PAC money builds John Walsh's Senate bid


MISSOULA, Mont. - Tuesday, John Walsh takes the oath of office as Montana's Interim U.S. Senator. Governor Steve Bullock nominated his Lt. Governor to fill the seat left vacant by former Senator Max Baucus. It's a "plum" appointment for Walsh. He's already a candidate seeking voter approval for the Senate in this fall's General Election. The opportunity to take the office before the election comes with some added muscle in the race to gather dollars necessary to run a campaign. Montana's Senate race is a money magnet. The race is pivotal in a battle to control the Senate, and while there are other hats in the ring, Walsh is seen as the top Democrat running against a well-funded opponent in Republican Congressman Steve Daines. We fact checked campaign finance reports for a financial snapshot of the Senate race at this point along the campaign trail. The most recent report shows Daines with more than $1.3 million and Walsh with a little over $583,000. Insiders expect the gap to shrink. We used the Federal Election Commission's search engine and another a political watchdog web site, Open Secrets, to look inside each candidate's fundraising reports. John Walsh's donors are notable Democrats. Former White House Deputy Chief of Staff, Jim Messina turned in a $2,600 dollar donation. Ann Castagnetti's sister managed John Kerry's presidential campaign. Castagnetti added $1,000 to the Walsh campaign.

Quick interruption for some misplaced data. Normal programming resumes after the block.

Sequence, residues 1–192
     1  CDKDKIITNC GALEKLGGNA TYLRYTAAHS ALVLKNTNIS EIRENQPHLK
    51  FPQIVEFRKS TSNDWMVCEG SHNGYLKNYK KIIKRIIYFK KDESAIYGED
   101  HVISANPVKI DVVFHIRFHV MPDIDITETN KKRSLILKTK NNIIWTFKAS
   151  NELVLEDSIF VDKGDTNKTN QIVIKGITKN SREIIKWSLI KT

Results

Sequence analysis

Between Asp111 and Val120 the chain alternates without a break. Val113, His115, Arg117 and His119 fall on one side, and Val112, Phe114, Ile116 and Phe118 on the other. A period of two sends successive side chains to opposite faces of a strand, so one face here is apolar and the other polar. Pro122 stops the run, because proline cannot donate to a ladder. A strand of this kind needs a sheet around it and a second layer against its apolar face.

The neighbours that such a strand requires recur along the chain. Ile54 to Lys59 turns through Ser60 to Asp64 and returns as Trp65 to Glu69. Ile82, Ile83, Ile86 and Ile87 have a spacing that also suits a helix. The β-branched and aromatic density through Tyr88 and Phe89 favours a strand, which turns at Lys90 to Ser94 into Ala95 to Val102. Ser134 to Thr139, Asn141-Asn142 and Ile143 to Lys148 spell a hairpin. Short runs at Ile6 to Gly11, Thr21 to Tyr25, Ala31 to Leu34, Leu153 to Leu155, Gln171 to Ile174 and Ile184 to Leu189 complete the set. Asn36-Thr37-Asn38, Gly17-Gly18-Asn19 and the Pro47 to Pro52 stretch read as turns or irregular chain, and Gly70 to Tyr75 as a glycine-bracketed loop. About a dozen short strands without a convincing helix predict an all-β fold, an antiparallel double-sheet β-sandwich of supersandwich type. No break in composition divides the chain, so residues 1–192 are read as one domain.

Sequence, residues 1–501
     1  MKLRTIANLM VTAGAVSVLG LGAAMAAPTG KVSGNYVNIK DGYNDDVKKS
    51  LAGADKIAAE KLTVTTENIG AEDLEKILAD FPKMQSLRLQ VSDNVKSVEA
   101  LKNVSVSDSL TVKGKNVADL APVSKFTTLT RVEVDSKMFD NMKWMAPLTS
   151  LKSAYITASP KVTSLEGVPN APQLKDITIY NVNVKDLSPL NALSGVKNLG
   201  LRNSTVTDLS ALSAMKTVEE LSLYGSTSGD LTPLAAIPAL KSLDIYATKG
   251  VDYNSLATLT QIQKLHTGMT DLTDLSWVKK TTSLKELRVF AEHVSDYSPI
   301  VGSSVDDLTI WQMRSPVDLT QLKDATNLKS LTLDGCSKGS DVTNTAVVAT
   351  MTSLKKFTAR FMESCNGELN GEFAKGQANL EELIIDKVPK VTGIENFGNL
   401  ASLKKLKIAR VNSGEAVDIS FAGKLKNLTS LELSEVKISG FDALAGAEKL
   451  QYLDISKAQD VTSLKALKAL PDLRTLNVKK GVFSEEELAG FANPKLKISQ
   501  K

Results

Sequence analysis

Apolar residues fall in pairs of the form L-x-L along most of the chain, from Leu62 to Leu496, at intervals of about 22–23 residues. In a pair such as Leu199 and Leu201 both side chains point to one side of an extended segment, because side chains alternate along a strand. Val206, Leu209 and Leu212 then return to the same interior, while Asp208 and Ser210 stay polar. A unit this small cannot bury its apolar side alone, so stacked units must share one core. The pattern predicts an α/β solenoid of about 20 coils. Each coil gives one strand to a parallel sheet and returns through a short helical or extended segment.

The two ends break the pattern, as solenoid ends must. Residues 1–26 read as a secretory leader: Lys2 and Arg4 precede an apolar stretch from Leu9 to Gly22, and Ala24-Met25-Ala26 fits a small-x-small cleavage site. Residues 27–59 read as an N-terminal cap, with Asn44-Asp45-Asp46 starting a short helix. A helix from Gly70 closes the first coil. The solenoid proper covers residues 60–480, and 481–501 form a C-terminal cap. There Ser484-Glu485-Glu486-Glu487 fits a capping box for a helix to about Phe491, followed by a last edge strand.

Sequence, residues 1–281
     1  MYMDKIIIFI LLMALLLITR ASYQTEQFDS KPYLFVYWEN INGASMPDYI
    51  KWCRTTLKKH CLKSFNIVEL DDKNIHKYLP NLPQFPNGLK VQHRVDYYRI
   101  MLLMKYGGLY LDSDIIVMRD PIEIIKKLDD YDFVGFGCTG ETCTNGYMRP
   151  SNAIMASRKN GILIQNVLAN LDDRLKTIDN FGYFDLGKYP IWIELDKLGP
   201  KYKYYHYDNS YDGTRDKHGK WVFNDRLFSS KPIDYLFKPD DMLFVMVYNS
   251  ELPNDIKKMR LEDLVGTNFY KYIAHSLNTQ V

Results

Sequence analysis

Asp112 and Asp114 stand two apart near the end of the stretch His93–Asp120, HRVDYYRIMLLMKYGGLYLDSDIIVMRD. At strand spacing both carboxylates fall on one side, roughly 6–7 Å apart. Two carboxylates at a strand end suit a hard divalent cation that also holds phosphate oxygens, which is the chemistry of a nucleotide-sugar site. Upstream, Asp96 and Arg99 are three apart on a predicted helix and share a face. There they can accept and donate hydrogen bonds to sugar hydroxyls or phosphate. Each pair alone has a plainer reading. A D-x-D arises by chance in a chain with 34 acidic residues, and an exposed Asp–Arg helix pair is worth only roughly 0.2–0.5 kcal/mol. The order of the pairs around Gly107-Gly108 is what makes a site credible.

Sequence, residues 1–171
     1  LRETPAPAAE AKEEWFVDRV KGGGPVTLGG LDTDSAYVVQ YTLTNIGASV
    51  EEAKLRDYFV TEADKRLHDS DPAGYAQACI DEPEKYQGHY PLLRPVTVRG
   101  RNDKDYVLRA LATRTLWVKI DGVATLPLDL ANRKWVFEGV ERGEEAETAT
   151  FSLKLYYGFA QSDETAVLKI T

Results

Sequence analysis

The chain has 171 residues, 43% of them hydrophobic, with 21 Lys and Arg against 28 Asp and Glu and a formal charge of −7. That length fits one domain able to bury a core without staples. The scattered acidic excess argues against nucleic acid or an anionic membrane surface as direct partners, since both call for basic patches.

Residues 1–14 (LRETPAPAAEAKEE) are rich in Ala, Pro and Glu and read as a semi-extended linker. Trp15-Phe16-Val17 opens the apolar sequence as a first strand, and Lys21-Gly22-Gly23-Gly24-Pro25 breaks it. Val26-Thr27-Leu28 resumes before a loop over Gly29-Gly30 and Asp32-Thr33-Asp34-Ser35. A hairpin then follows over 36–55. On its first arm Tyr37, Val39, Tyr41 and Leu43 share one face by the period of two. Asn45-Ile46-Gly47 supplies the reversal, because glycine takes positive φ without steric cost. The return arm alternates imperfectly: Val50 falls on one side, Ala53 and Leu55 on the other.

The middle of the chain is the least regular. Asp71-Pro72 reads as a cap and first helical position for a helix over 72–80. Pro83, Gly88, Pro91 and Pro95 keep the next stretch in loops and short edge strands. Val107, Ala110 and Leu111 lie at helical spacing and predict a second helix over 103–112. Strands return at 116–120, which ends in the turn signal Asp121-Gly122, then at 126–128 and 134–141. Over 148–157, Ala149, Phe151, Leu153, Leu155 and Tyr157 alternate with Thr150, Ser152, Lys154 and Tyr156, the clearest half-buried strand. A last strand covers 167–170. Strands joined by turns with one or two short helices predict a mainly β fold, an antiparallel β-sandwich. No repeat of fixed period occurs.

There are others -- donors from out-of-state lobby and legal firms. But by and large, most individual donations come from Montana. The former Lt. Governor's real financial clout is coming from political action committees like Treasure State PAC and Searchlight Leadership Fund. Both came through with $10,000. ActBlue is a web site that bundles individual contributions and funnels the money to specific candidates. That group came through with a whopping $97,000 contribution. As a sitting Representatative, Steve Daines came to the Senate race with a sizable bank account. Congressmen are in a never-ending "hand to mouth" fund-raising effort with campaigns that start nearly as soon as the last election comes to a close.

Tomorrow, we'll dig inside the Daines fund-raising efforts.